Examining the history, folklore of the Kissing Bridge

The Kissing Bridge has been a landmark on WKU’s campus since 1925. The legend surrounding the bridge varies but many say that if a couple shares their first kiss on the bridge, they’re destined to spend the rest of their lives together.

Laurel Deppen

On top of the Hill, the Old Fort Bridge stays tucked away, but it is not overlooked.

More commonly known as the Kissing Bridge, the Old Fort Bridge was built in 1925 by WKU Manual Arts Students, according to the WKU Archives.

Most WKU students are aware of the legend of the Kissing Bridge. Whether it’s a story that has been told to them by friends, family or they’ve had a personal experience, the Kissing Bridge tradition is one of the university’s oldest and fondest.

Though it has many variations, the general legend of the bridge is if a couple shares their first kiss on the bridge they are destined to spend the rest of their lives together.

This tradition is what Ann Ferrell, a professor of folk studies, calls a perfect example of campus folklore.

Ferrell explained that traditions like the Kissing Bridge are common across college campuses.

“When you have any group of people who are closely associated with each other, they develop stories [or] traditions,” she said.

Ferrell said these legends are commonly passed from older generations and then from students to their peers. Many WKU alumni have a story relating to someone they’ve kissed on the bridge becoming their life partner. The most notable of these is former university president Gary Ransdell and his wife, Julie.

“College is a time where you’re out in the world for the first time, exploring independence and so forth,” Ferrell said. “That sort of romance of meeting your life partner on campus and having a special ritual that you have together is part of it as well.”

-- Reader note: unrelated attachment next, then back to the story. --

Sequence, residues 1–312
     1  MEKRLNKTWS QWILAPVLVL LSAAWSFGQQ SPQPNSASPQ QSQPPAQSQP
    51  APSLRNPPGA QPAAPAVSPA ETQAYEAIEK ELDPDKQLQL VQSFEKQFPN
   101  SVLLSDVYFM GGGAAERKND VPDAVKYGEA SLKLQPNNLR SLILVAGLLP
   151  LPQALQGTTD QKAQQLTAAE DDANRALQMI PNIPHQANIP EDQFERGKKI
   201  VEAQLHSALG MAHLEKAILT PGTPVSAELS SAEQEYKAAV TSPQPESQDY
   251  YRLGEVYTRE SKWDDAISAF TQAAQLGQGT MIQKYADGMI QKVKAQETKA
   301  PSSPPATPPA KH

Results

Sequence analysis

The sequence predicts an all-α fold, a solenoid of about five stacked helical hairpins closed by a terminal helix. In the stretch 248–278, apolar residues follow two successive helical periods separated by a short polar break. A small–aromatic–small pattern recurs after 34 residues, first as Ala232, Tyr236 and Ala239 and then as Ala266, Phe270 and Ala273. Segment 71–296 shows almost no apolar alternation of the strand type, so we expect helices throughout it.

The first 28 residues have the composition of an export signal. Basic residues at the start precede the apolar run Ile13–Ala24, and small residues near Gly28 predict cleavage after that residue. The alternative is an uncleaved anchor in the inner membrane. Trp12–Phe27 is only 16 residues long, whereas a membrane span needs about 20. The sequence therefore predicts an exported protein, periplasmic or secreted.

A “kissing spot” is a common tradition on college campuses.  Ferrell commented that many campuses have a particular stone or tree that is a symbol of “true love” or “magic.”

Ferrell tied this phenomenon of love found on college campuses to the mindset of young adults attending universities.

“Being in college, and the excitement of your future and the idea of meeting your forever partner—there’s magic involved in that,” Ferrell said.

For one WKU couple, the magic of the Kissing Bridge extends past it—or under it, in their case.

Kimby Taylor-Peterson graduated from WKU in 1992 with a double major in theatre and broadcasting. Her husband, Tom Peterson, graduated two years later with a major in advertising.

Taylor-Peterson recalls having a Saturday off one August afternoon. Peterson suggested they go to Bowling Green to meet up with one of their friends. When they arrived, they had extra time, so they went to campus.

As a theatre student, Taylor-Peterson recalls spending a lot of her free time sitting on a rock under the bridge. She would study her lines and design costumes there.

“That was a special place to me for reasons other than anyone else’s,” she said.

The bridge was the spot where she got engaged.

“Out of nowhere, he’s on one knee asking me to marry him,” she said. “I was blown away. I didn’t see it coming and I especially didn’t see something like this.  There was no friend in town. He just drove two hours to do something he could have done anywhere. To this day, that was the most-probably the only-romantic thing he’s ever done.”

Now, 21 years later, the pair remains happily married and recalls their time spent at WKU fondly.

Features reporter Laurel Deppen can be reached at 270-745-6291 and [email protected].